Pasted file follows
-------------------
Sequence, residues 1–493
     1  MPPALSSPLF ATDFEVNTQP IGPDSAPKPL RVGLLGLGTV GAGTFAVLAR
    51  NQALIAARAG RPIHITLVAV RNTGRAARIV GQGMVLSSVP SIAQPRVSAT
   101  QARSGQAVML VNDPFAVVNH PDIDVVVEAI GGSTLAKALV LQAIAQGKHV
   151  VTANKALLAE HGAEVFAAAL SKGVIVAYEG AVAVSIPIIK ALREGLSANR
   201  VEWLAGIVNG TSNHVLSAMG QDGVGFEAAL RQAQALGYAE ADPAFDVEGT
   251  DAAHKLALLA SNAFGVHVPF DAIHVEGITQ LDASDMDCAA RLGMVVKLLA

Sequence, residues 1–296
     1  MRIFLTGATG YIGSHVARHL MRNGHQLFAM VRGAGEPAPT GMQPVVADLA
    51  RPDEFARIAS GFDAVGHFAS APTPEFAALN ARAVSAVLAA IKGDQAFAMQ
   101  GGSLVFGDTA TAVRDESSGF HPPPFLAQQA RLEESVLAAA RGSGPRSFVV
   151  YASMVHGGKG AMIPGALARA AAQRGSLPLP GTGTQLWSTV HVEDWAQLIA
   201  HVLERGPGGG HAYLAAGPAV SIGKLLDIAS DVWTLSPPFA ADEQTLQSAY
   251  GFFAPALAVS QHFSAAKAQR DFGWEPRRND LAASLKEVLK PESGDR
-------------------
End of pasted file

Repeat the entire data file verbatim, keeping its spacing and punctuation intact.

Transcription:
Sequence, residues 1–493
     1  MPPALSSPLF ATDFEVNTQP IGPDSAPKPL RVGLLGLGTV GAGTFAVLAR
    51  NQALIAARAG RPIHITLVAV RNTGRAARIV GQGMVLSSVP SIAQPRVSAT
   101  QARSGQAVML VNDPFAVVNH PDIDVVVEAI GGSTLAKALV LQAIAQGKHV
   151  VTANKALLAE HGAEVFAAAL SKGVIVAYEG AVAVSIPIIK ALREGLSANR
   201  VEWLAGIVNG TSNHVLSAMG QDGVGFEAAL RQAQALGYAE ADPAFDVEGT
   251  DAAHKLALLA SNAFGVHVPF DAIHVEGITQ LDASDMDCAA RLGMVVKLLA

Sequence, residues 1–296
     1  MRIFLTGATG YIGSHVARHL MRNGHQLFAM VRGAGEPAPT GMQPVVADLA
    51  RPDEFARIAS GFDAVGHFAS APTPEFAALN ARAVSAVLAA IKGDQAFAMQ
   101  GGSLVFGDTA TAVRDESSGF HPPPFLAQQA RLEESVLAAA RGSGPRSFVV
   151  YASMVHGGKG AMIPGALARA AAQRGSLPLP GTGTQLWSTV HVEDWAQLIA
   201  HVLERGPGGG HAYLAAGPAV SIGKLLDIAS DVWTLSPPFA ADEQTLQSAY
   251  GFFAPALAVS QHFSAAKAQR DFGWEPRRND LAASLKEVLK PESGDR